The Power of Twitter

140 characters can be pretty powerful

By: Megan Harris, Staff Writer

It’s not a great amount of words – but a Tweet this length can do a lot. It can connect you to people all over the world, help you network, bring you closer to your favourite celebrity, help you advertise your business, or even give you life-changing experiences.

Twitter, having been around since its launch in the summer of 2006, is one of the most popular social networking sites out there; and it’s growing fast, with over 200 million users today. As of March 2011, 460 000 new Twitter accounts were opened daily.

If you’ve spent any time online lately, you’ve likely encountered Twitter more than once. Read an interesting news story? Click that ‘Tweet’ button at the bottom of the page on the news site, and now all your Twitter followers can enjoy the post too. If enough people post about a topic, it appears in Twitter’s ‘Trending Topics’ sidebar, for people all over the world to see and react to. If you enjoy something a friend tweeted, you can re-tweet it for your own followers to see.

[pullquote]“There’s something about the immediacy of Twitter that really appeals to me,” says London. “My viewers can ask me questions and I can consult with them in a way that is just impossible to do with Facebook or anything else.”[/pullquote]

Of course, Twitter doesn’t always have to reach a worldwide audience. Many small businesses run Twitter pages to inform their followers of their latest activities or advertise new deals.

Unlike other social networking sites like Facebook, Twitter bases itself on max 140-character updates. Tweeters must get creative in order to get their thoughts across in a few words, and only say what’s most important.

Twitter is also a very mobile platform, and is easily accessible on iPhones, Blackberries, or other devices. It’s for people on the go, who can update their status instantly about what’s going on around them.

Twitter is also known for its ability to connect celebrities or well-known personalities with “regular” people. Many celebrities have their own Twitter page that they personally and regularly post on (their identities verified by a blue, Twitter certified checkmark on their profile). Celebrities’ posts appear alongside others on a homepage, and fans can see and reply to them. It allows fans to feel more connected to a celebrity they like – even receiving a response from them if they’re lucky. Celebrities can also gain publicity by tweeting about their latest projects or ventures.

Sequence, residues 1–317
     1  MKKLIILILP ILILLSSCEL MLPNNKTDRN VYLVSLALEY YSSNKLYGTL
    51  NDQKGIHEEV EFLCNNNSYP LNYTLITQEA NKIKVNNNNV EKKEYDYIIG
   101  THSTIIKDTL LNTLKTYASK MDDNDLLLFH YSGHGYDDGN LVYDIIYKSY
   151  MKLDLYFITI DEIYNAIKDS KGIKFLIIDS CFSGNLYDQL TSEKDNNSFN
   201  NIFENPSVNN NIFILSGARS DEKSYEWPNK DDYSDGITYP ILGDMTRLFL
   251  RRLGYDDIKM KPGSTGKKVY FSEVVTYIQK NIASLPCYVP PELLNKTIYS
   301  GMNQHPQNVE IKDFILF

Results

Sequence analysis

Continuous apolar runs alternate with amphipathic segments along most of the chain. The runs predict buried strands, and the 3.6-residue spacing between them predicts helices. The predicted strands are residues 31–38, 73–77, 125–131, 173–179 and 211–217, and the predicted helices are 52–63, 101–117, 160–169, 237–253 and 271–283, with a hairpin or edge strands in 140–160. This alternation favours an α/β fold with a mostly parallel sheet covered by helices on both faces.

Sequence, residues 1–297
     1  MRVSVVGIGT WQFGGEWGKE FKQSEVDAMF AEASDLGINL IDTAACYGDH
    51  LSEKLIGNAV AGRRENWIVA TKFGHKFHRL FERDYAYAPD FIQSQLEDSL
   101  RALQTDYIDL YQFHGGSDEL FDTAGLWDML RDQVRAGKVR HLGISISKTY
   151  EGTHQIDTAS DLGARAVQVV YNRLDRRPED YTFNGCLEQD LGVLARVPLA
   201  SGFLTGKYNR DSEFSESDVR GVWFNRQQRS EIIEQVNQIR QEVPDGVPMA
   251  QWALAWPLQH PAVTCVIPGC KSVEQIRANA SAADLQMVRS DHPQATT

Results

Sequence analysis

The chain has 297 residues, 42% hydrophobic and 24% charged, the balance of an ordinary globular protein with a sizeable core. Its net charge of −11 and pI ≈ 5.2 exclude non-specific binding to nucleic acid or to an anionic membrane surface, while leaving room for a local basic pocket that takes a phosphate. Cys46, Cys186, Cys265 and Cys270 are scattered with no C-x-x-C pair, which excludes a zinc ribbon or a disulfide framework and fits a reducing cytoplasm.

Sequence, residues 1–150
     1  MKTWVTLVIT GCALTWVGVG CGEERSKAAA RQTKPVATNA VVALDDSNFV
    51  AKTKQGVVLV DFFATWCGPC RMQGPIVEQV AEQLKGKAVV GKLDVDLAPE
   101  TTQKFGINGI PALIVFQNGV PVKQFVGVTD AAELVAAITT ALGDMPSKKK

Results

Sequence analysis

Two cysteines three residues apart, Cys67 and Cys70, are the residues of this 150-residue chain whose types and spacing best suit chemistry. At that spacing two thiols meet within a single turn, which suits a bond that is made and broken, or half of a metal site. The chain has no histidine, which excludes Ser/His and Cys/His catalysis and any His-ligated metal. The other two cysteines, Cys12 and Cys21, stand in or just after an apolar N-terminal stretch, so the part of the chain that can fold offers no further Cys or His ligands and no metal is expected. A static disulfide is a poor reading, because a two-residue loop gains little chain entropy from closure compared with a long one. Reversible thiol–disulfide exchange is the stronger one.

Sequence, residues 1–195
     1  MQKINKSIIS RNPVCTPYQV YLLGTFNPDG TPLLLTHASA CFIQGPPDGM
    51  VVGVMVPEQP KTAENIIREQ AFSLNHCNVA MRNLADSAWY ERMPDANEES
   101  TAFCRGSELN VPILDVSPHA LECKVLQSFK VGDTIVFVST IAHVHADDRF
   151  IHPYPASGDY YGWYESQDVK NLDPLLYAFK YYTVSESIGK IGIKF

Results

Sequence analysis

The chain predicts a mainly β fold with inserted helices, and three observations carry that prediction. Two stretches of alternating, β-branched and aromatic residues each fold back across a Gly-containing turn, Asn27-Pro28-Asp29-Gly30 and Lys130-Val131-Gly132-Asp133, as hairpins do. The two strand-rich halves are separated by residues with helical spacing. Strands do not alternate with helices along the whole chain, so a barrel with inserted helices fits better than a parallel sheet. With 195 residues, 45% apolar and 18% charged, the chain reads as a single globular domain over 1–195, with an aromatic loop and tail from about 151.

Stacy London, American fashion consultant (known well for her role as co-host on the reality program What Not To Wear) posts regularly on her Twitter account, @StacyLondonSays, everything from updates on her current projects to giving fashion advice to fans. While London’s busy schedule doesn’t allow her time to reply to every tweet, she says she enjoys interacting with fans via social media. It also allows her to connect with fans all over the world, and make the philosophy of What Not To Wear available to more than just the lucky few participants on the show.

“There’s something about the immediacy of Twitter that really appeals to me,” says London. “My viewers can ask me questions and I can consult with them in a way that is just impossible to do with Facebook or anything else.”

London mentions that she also likes the succinct-ness of Twitter, and how you have to know the single thought you want to get across. “There’s only 140 characters and there’s only so much you can say,” said London. “You can always link to a longer article that you’ve written or that’s about you. You can point to another site or something else that you want to show in longer form.”

London says that people will often send her photos of their outfits for critique – and that she hears from a diverse group of people, ranging from 12-year-old girls to 60-year-old women, and even men.

Not everything is fashion related, though. “I’ve gotten a few marriage proposals, which I have to say is kind of an ego boost,”London says. “I also get guys who ask me to help them with gifts for their girlfriends – I’ve helped pick a couple of engagement rings for guys for their fiancés.”

London says that in the past she’s also gotten more serious messages, and for a while had to step back and change her approach to Twitter.

“I used to find myself getting involved with young women who I think were looking up to me,” says London. “I got very anxious, because I felt like they were looking up to me for the wrong reasons, and sort of beating themselves up, thinking that I’m so confident, or that I have the best job in the world. And [some of these girls] were hurting themselves, whether it was eating disorders, or cutting themselves, and I got very involved to make sure that they got professional help. It started to be kind of all-consuming.”

“Now, I try to have a more positive, supportive attitude but not too involved,”London said.

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